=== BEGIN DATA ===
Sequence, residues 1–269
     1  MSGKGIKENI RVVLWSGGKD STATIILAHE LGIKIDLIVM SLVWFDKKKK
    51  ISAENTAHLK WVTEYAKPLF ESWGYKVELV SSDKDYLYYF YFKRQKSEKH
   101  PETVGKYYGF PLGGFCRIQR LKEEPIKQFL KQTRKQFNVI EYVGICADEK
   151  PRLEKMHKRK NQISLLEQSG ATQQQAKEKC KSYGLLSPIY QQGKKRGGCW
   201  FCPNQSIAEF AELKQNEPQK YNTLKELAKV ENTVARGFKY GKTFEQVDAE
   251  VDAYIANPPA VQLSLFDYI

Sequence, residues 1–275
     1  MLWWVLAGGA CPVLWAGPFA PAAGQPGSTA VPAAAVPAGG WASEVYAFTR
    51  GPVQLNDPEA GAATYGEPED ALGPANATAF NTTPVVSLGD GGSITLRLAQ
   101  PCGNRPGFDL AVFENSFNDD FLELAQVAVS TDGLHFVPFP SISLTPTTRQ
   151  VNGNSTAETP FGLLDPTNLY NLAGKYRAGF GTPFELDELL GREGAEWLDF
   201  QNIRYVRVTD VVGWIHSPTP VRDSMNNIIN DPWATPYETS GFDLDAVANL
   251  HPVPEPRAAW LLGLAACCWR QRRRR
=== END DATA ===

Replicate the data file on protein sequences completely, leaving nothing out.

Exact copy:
Sequence, residues 1–269
     1  MSGKGIKENI RVVLWSGGKD STATIILAHE LGIKIDLIVM SLVWFDKKKK
    51  ISAENTAHLK WVTEYAKPLF ESWGYKVELV SSDKDYLYYF YFKRQKSEKH
   101  PETVGKYYGF PLGGFCRIQR LKEEPIKQFL KQTRKQFNVI EYVGICADEK
   151  PRLEKMHKRK NQISLLEQSG ATQQQAKEKC KSYGLLSPIY QQGKKRGGCW
   201  FCPNQSIAEF AELKQNEPQK YNTLKELAKV ENTVARGFKY GKTFEQVDAE
   251  VDAYIANPPA VQLSLFDYI

Sequence, residues 1–275
     1  MLWWVLAGGA CPVLWAGPFA PAAGQPGSTA VPAAAVPAGG WASEVYAFTR
    51  GPVQLNDPEA GAATYGEPED ALGPANATAF NTTPVVSLGD GGSITLRLAQ
   101  PCGNRPGFDL AVFENSFNDD FLELAQVAVS TDGLHFVPFP SISLTPTTRQ
   151  VNGNSTAETP FGLLDPTNLY NLAGKYRAGF GTPFELDELL GREGAEWLDF
   201  QNIRYVRVTD VVGWIHSPTP VRDSMNNIIN DPWATPYETS GFDLDAVANL
   251  HPVPEPRAAW LLGLAACCWR QRRRR